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What use is a flashy website if people with special needs can't use it too? New legislation is likely to change that for the better, writes Heather McLean

Imagine being excluded from a school, a classroom or an activity because your disability hadn't been taken into account. Last September the Special Educational Needs and Disability Act 2001 (Senda) came into force. This requires all educational establishments in the UK to make "reasonable" adjustments to both physical access to the classroom and to ICT facilities for special needs students. The aim is to ensure pupils with special needs have access to, and are able to use, anything that's necessary for them to learn in the same environment as mainstream pupils.

"Schools have a duty to make reasonable adjustments to make sure that a disabled student won't be placed at a disadvantage, or discriminated against," warns Neil Crowther, policy manager at the Disability Rights Commission (DRC), which has been producing the act's guidance for schools.

"The idea is that schools should become more inclusive, with the transition occurring over time. Resources should become routinely available, rather than be attached to just one child. So if you're buying 20 new monitors, include two big ones."

As training in ICT becomes more prevalent in educational institutions, one area that raises concern for special needs pupils is website accessibility - it's crucial to many curricular ICT activities.

Chris Stevens, head of inclusion and special educational needs for the British Educational and Communications Technology Agency (Becta) explains how Senda can help. "This is about providing technologies to aid communication for kids. Think of students with Stephen Hawking-type disabiliities; with the right type of technology these pupils can function in the same way as any other kid in mainstream education." He adds: "We need to move on from the idea that additional provisions need to be made for disabled pupils. This act is a way to approach the future. It's about creating inclusive environments that develop benefit for a whole range of children, not just those with disabilities."

While the Disability Discrimination Act 1995 (DDA) covered the legal rights of special needs pupils, its amendment, in the form of Senda, makes it illegal for any establishment involved in education to discriminate against the rights of special needs students to be educated in mainstream institutions. It also specifies that educational institutions should create a three-year inclusion plan.

Julie Howell, who leads the campaign for good website design for the Royal National Institute for the Blind, said Senda will hopefully improve on the DDA. "With the DDA, the onus was on disabled people to make a case. As a stick, the DDA wasn't one that was beating people very hard."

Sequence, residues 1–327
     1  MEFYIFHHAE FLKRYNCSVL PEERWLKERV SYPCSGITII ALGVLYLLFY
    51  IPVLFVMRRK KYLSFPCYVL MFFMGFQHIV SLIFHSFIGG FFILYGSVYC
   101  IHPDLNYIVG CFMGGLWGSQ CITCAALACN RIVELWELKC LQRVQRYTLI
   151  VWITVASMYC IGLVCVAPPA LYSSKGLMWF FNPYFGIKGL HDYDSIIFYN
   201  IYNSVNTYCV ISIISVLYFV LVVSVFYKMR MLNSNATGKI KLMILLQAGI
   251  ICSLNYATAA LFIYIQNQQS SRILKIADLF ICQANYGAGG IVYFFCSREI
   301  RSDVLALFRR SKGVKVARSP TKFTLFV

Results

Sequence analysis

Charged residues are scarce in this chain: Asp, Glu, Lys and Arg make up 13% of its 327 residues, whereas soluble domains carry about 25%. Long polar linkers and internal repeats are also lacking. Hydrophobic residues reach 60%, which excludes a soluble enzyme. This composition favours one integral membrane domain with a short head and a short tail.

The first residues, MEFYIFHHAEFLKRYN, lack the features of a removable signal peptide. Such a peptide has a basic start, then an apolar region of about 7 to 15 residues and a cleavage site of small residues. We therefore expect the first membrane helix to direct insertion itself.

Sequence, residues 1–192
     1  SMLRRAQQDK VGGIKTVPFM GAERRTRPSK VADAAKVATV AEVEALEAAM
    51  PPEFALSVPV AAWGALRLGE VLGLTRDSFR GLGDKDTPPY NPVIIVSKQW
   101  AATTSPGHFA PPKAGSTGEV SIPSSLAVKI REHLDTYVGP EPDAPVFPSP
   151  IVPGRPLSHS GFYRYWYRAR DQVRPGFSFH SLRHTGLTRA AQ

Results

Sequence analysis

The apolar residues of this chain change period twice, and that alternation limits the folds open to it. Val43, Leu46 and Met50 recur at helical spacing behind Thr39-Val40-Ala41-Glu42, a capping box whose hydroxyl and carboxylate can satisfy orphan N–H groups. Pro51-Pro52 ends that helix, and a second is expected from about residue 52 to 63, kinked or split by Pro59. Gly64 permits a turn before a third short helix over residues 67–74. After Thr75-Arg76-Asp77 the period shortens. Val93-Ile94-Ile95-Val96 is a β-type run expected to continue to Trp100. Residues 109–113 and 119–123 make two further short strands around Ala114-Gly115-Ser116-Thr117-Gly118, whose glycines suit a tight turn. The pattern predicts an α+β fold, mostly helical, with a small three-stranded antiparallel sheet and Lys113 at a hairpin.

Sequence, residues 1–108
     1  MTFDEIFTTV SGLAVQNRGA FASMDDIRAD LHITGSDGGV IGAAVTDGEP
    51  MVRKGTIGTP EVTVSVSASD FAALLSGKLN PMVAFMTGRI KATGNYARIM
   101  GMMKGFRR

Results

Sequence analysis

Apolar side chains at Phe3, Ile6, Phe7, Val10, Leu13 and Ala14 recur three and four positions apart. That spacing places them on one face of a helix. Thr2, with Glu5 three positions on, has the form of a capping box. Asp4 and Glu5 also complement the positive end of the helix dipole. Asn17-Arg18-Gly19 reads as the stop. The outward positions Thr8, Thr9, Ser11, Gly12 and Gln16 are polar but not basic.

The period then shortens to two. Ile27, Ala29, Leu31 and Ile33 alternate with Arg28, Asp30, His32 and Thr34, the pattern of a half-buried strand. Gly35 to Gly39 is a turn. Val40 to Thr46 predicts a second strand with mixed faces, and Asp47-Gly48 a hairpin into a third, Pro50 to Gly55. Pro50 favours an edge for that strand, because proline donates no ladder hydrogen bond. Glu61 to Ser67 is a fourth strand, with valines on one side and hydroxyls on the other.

Howell is passionate about website accessibility: sites should be developed with consideration for the full range of people that may try them.

"Accessible websites are those that work, whether or not someone is disabled. A site that supports any technology that anyone may be using and supports people logging in from any device. Any school involved in web design concerned about Senda should follow the Web Content Accessibility Guidelines (WCAG) from the Web Accessibility Initiative (WAI), part of the World Wide Web Consortium (W3C).

Fancy software can lessen accessibility, says Howell. "If you use proprietary software, make sure it works with software used by people with disabilities."

Paul Nuttall, director of special-needs firm Semerc, says simple software adjustments can help students move around online. "Partially blind pupils can use enlargement software. Pupils with worse sight will need ScreenReader, a technology that scans the screen and reads text out loud.

Sometimes the functionality of the site means you have to understand icons, so developers need to tag on associated text, so ScreenReader can explain what's there to the pupil."

Making sure a pupil can use ICT classroom equipment is also necessary for website accessibility, says Chris Stevens. "For a kid with cerebral palsy, a key guard for the keyboard is an inexpensive yet effective solution to help them target the right buttons. There are also switches and joysticks available for other types of physical disabilities that work with on-screen software."

Terry Waller, education officer at Becta, concludes: "You can't make a website accessible to everyone, but you can make sure that a person with a range of difficulties, who has his or her own access tools, can access a well-designed website."


Tips for creating accessible websites:

* Colour: make sure foreground and background colours contrast, particularly when viewed by someone who's colour blind, or using a black and white screen.

* Font and language: use the simplest language available in a distinct, large and simple font.

* Images: provide a text equivalent of every non-text item.

* Multimedia: create synchronised text alternatives to accompany animations or video, such as captions or auditory descriptions.

* Hypertext links: make sure everything makes sense by providing full auditory explanations, not just "click here".

* Page organisation: navigation must be consistent. Use headings, lists and straightforward structures.

* Proprietary software: check software has been developed with special needs in mind, or provide alternatives in case a plug-in isn't supported.

* Graphs, charts and tables: summarise the content in text and make line-by-line reading possible so they make sense.


World Wide Web Consortium


Royal National Institute for the Blind

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